News

Europe Ministers Reach Deal on Trillion-Dollar 'Firewall'

European Central Bank President Mario Draghi, takes his seat during the informal EU-meeting for EU Finance Ministers, in Copenhagen, Denmark, March 30 2012.
European Central Bank President Mario Draghi, takes his seat during the informal EU-meeting for EU Finance Ministers, in Copenhagen, Denmark, March 30 2012.

European ministers meeting in Copenhagen have agreed to create a permanent fund for the eurozone to help it recover from its debt crisis with temporary lending capacity of more than $1 trillion. The eurozone nations are working to ensure that the economic crisis does not spill over into Spain and Italy.

It is the most recent step taken by Europe to show the markets that they can cope with the economic crisis hitting a number of its member states.

The decision means that a financial rescue fund (firewall) worth around $1 trillion will be available for future loans.

In a statement, the group of 17 finance ministers said that finally “robust firewalls have been been established.”

Earlier in the day, European Union Economics Minister Olli Rehn said Europe has made a lot of progress towards safeguarding its economies. "We have made significant progress in the recent weeks and months in terms of fiscal consolidation and in terms of reinforcing our economic governance," he said. "Now it is time to complete the crisis response by further reinforcement of the euro area financial firewall."

But going into the talks, there was some controversy about the size of the emergency fund.

The eurozone’s largest economy, Germany, has been averse to raising the bar so high. France, on the other hand, has been more forthcoming.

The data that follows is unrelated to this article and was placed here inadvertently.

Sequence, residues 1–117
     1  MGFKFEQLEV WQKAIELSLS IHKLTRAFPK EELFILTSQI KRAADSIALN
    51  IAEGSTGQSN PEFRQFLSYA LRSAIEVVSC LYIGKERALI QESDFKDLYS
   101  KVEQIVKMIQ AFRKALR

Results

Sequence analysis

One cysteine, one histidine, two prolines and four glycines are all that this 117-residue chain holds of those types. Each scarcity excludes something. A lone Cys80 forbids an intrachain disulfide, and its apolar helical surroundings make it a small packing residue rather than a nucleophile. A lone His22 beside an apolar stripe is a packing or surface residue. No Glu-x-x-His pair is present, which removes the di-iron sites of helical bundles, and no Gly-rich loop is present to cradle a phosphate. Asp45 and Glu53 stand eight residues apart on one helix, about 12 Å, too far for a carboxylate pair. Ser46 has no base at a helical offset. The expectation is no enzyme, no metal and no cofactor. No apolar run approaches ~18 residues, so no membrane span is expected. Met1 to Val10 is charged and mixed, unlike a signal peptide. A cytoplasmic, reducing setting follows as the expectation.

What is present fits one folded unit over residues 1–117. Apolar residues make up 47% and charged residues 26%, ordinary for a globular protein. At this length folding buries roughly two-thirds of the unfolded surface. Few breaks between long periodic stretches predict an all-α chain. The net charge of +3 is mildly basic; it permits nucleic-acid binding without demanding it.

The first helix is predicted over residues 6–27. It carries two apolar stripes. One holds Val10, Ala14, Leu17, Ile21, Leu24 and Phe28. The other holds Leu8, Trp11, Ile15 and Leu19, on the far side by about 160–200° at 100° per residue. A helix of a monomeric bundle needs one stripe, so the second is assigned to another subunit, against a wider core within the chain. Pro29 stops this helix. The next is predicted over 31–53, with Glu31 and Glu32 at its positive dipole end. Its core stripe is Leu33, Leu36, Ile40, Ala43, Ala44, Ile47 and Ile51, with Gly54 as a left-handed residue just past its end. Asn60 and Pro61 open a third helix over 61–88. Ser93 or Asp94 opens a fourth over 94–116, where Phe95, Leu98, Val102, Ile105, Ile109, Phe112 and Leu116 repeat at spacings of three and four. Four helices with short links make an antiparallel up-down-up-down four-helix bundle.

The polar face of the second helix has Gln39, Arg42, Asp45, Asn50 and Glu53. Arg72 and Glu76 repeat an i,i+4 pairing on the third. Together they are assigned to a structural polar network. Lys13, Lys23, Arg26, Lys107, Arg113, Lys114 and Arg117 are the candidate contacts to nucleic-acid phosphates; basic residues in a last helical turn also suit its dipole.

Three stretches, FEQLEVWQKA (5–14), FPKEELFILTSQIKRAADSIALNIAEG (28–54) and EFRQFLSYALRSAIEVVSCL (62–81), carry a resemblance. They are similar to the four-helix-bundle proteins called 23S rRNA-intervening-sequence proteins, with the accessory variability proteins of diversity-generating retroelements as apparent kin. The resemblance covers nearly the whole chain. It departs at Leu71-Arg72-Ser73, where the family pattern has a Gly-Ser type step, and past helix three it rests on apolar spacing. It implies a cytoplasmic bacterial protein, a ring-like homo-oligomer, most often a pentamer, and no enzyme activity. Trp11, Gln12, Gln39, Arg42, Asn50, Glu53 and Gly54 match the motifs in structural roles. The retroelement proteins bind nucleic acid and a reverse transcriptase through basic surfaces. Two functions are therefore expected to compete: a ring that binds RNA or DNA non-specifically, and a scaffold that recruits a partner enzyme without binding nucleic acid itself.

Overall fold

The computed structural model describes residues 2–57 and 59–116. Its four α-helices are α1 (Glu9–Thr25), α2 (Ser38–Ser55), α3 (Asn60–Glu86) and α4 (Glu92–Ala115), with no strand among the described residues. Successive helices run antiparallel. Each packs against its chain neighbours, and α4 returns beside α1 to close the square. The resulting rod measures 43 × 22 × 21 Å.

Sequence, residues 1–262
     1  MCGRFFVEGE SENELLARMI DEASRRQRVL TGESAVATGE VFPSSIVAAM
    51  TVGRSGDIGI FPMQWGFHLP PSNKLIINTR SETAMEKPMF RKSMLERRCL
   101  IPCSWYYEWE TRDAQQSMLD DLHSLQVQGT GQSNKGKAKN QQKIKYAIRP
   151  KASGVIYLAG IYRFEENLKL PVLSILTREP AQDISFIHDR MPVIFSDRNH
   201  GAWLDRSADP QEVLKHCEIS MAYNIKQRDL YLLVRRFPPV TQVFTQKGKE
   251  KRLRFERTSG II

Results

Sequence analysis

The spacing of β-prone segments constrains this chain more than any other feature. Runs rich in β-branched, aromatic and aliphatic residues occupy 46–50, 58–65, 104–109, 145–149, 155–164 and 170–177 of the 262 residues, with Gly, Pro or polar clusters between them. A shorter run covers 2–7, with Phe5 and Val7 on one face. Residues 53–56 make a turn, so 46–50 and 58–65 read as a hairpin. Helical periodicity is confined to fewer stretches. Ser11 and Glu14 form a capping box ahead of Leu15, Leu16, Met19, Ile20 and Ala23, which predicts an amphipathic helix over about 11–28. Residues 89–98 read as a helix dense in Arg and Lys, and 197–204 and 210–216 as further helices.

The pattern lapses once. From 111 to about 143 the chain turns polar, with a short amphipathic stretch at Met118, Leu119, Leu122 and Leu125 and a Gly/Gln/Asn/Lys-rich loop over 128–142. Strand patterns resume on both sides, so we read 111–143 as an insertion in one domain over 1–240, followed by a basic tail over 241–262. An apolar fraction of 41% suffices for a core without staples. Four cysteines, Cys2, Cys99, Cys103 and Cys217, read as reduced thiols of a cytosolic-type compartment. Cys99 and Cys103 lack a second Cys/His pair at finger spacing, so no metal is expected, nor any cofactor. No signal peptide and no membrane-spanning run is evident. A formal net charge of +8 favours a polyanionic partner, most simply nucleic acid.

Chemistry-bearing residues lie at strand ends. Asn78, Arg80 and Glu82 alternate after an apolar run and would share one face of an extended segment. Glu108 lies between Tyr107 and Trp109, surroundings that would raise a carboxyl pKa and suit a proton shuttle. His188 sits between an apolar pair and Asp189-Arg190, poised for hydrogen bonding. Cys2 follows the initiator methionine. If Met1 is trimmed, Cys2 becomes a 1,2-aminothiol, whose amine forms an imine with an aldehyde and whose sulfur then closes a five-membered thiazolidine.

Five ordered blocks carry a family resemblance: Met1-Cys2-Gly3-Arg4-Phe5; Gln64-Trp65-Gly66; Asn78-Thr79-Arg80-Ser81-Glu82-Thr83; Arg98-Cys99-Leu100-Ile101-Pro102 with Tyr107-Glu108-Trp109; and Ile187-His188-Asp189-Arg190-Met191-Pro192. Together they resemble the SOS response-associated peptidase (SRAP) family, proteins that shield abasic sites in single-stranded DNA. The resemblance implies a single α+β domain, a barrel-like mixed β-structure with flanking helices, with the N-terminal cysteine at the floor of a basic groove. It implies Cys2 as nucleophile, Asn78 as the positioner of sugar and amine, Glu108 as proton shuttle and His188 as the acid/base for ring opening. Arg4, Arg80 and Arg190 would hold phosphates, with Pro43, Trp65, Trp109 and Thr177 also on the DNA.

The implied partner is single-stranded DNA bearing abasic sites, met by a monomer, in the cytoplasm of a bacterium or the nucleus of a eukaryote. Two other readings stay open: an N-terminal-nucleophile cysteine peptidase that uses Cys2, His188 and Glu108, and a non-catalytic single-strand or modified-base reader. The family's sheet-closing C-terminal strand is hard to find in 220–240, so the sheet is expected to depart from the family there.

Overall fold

French Finance Minister Francois Baroin said the higher the firewall, the greater the deterrence against instability in the markets.

What Europe’s ministers ended with was a hike -- but analysts say it may not be enough to calm the markets.

Earlier this week, the Organization for Economic Cooperation and Development said the bailout fund should be raised to $1.3 trillion -- more than Friday’s agreed sum. The fund was previously worth around $650 billion.

The new figure was partly reached by combining money already pledged into one fund.
Austrian Finance Minister Maria Fekter told reporters that the eurozone is now much stronger than it was a few months ago.

Simon Tilford is chief economist at the Center for European Reform, a London-based research group that campaigns for European integration.

He says Europe’s reaction to its economic crisis is not working. What is needed, he says, is a federalized system where resources cross borders more freely.

"I think what needs to happen is that the governments need to accept that a currency union requires a much closer degree of integration than they have been hitherto prepared to acknowledge. So they need some kind of federal budget -- the kind of federal budget that effectively transfers funds between the states of the U.S., for example." said Tilford.

Spain’s government is set to reveal a new 2012 budget Friday that is expected to make billions of dollars in cuts.

On Thursday, workers went on strike across Spain to protest the cuts, high unemployment rates and new labor laws.

The Spanish government insists it will not need to be bailed out by its euro neighbors. Speaking in Copenhagen Friday, Spain’s economy minister said the new Spanish budget will convince euro leaders and the markets that Spain can cope with its debts and create growth in the Spanish economy.

This forum has been closed.
Comments
     
There are no comments in this forum. Be first and add one

Featured Videos

Your JavaScript is turned off or you have an old version of Adobe's Flash Player. Get the latest Flash player.
Olympics Construction Scars Sacred Korean Mountaini
X
July 02, 2015 4:10 AM
Environmentalists in South Korea are protesting a Winter Olympics construction project to build a ski slope through a 500-year-old protected forest. Brian Padden reports that although there is strong national support for hosting the 2018 Pyeongchang Winter Olympics, there are growing public concerns over the costs and possible ecological damage at the revered mountain.
Video

Video Olympics Construction Scars Sacred Korean Mountain

Environmentalists in South Korea are protesting a Winter Olympics construction project to build a ski slope through a 500-year-old protected forest. Brian Padden reports that although there is strong national support for hosting the 2018 Pyeongchang Winter Olympics, there are growing public concerns over the costs and possible ecological damage at the revered mountain.